Today in Movie History: September 20

We’re starting today with The Battle of Algiers, a searing semi-documentary — commissioned by the Algerian government — about their fight for independence from the French. It weighs both sides of the conflict in surprisingly even-handed terms, as well as providing stunning insight into the nature and fallout of insurgent violence to enact political change. It opened in the U.S. today in 1967, and God help us, but it remains just as pertinent today is it did when it was first released.

Terry Gilliam is a unique filmmaker whose best movies are treasures. When they don’t work, of course, they go straight off the rails, but few people would deny that The Fisher King ranks among the high points. It works in part because the story stays grounded in reality without diminishing the fantastical elements that Gilliam excels at. Robin Williams earned an Oscar nomination for his turned as a homeless lunatic (he lost to Anthony Hopkins) while Mercedes Ruehl nabbed the statue for her supporting turn. The best of them may have been Jeff Bridges, however: anchoring the madness as a shock jock paying the piper for his misdeeds. The Fisher King opened today in 1991.

Gilliam, of course, merely marches to a different drummer. When it comes to Oliver Stone, we edge delicately into the realm of “barking mad.” He won an Oscar for writing the screenplay to Midnight Express, the tender, heartfelt story of an American drug smuggler caught and imprisoned in Turkey. I won’t go too deeply into the details except to say that you should never ever ever get caught smuggling drugs in Turkey. Midnight Express opened today in 1978.

I wouldn’t call Stanley Tucci a filmmaking eccentric, but a passion project like Big Night doesn’t come along every day. He co-wrote, co-directed (with fellow thespian Campbell Scott) and co-starred in the film, about a failing restaurant run by two brothers whose devotion to great food can’t drum up the customers they need.  If you’re looking for culinary porn, this is the movie for you. It opened today in 1996.

We’ll close with Cat on a Hot Tin Roof, the ubiquitous Tennessee Williams play sbrought to the screen by director Richard Brooks. Paul Newman and Elizabeth Taylor play a feuding couple who arrive in Mississippi to celebrate the birthday of her father “Big Daddy” (Burl Ives). The usual cocktail of psychological torment and overheated Southern Gothic ensues. Cat on a Hot Tin Roof opened today in 1958.

 

Today in Movie History: July 22

And behold, the worst shall be first, and all the base and discarded of the cinematic universe will draw sustenance from its example. We’re talking about Ed Wood’s Plan 9 from Outer Space, justly celebrated as the worst movie ever made. Creaky sets, terrible acting, a plot that has to be seen to be believed, and the final onscreen appearance of Bela Lugosi (who died and was replaced by chiropractor Tom Mason holding a cape over his head)… all of which made this the stuff of cinematic legend for all the right/wrong reasons. Plan 9 from Outer Space opened today in 1959.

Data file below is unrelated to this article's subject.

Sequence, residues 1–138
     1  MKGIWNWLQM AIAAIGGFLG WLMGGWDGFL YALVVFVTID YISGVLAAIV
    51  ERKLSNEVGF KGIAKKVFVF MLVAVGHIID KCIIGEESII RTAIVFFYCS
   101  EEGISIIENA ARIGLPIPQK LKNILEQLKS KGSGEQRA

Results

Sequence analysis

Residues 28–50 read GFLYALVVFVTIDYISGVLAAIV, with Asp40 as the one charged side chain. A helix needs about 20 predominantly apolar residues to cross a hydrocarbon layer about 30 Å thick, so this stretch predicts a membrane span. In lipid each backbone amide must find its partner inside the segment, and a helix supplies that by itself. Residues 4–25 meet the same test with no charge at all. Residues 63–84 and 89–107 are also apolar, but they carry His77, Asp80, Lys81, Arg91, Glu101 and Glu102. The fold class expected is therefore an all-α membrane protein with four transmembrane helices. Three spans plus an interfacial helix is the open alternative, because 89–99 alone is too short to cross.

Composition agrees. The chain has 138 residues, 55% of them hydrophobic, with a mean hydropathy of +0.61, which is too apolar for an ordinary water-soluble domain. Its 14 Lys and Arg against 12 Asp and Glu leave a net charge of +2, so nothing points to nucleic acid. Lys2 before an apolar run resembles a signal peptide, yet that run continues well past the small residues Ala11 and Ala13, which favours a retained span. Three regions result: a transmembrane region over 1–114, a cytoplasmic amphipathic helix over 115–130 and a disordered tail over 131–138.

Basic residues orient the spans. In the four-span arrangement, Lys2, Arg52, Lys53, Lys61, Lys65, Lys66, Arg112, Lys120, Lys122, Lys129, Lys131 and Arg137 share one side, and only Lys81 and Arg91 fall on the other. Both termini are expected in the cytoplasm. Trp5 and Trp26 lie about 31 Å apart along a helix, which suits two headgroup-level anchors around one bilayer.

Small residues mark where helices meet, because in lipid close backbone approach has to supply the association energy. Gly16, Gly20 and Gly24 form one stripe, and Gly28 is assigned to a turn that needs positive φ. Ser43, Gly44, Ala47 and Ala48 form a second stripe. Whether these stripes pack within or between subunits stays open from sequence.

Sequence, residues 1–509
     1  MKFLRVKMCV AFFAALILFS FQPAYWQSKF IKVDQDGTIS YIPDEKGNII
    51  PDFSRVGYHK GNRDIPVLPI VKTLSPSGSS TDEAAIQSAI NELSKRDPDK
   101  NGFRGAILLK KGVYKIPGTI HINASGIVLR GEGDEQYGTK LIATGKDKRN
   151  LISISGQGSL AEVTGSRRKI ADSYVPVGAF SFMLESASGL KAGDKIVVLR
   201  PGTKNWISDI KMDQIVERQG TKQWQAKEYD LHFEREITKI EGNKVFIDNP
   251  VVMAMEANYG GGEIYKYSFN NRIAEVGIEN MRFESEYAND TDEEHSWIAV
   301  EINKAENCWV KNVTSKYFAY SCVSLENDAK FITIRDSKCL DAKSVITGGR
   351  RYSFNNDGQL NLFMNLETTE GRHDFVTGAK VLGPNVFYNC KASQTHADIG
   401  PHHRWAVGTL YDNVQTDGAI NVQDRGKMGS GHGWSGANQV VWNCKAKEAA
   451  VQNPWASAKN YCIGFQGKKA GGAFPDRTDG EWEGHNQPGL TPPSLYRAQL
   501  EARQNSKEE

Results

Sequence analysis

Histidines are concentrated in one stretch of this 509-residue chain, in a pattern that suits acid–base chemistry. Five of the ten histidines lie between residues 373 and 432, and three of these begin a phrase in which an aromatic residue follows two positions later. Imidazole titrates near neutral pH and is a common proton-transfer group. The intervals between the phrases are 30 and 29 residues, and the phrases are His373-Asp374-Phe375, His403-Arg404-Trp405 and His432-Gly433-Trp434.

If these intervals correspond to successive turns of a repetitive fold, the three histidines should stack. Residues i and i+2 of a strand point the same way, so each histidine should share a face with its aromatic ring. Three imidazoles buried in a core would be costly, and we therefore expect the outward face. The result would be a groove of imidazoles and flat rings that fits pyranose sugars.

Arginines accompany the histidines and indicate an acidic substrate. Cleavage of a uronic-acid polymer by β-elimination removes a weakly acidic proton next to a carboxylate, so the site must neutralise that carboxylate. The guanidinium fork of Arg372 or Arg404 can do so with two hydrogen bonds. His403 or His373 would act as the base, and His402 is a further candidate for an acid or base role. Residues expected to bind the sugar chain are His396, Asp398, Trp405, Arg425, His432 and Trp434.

On a much, much, much higher level, we find Seven Brides for Seven Brothers, the seminal 1950s musical about a nice young lady (Jane Powell) who marries a strapping young Oregonian (Howard Keel), only to find out he has a whole passel of sibling mountain men in dire need of caring for. The subtext is appalling, but the songs, performances and terrific choreography can’t be denied. It opened today in 1954.

In celebration of Comic Con this week, we’ll close with a pair of four-color superheroes… though only one of them actually shows up in a superhero film. The other one is Mr. Mom, the 1983 comedy that attempted to address the then-novel notion that women could actually be the breadwinners and men could be the homemakers. The now-quaint notion is bolstered by a funny, sympathetic script, and a winning performance from future Batman Michael Keaton, who scored a huge career boost with the film’s success. It opened today in 1983.

Finally, we have Captain America: The First Avenger, part of the calculated risk undertaken by Marvel Studios that ended up transforming comic book movies as we know them. It’s far from a perfect film: the center section sags a great deal, and at times it feels like it’s too busy setting up The Avengers to generate its own energy. But it cracks the code on how to deliver an interesting hero who’s also morally unimpeachable, thanks in no small part to the terrific turn from Chris Evans as Steve Rogers. Bolstered by a strong supporting cast — particularly Hugo Weaving’s Red Skull and Tommy Lee Jones’ Tommy Lee Jones clone — and the fine period sensibilities of director Joe Johnson, it makes for a winning entry in Marvel’s increasingly impressive movie franchise. (And Alan Menken and David Zippel’s USO theme song is pure bliss.) It opened today in 2011.